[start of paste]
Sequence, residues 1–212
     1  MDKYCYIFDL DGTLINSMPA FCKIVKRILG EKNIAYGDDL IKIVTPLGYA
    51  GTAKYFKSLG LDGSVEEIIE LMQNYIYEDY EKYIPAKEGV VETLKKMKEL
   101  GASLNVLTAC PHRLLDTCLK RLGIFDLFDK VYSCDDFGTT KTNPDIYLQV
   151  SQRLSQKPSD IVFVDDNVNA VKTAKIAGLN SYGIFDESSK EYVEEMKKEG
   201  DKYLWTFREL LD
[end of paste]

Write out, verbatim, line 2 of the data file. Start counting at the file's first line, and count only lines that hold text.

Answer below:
     1  MDKYCYIFDL DGTLINSMPA FCKIVKRILG EKNIAYGDDL IKIVTPLGYA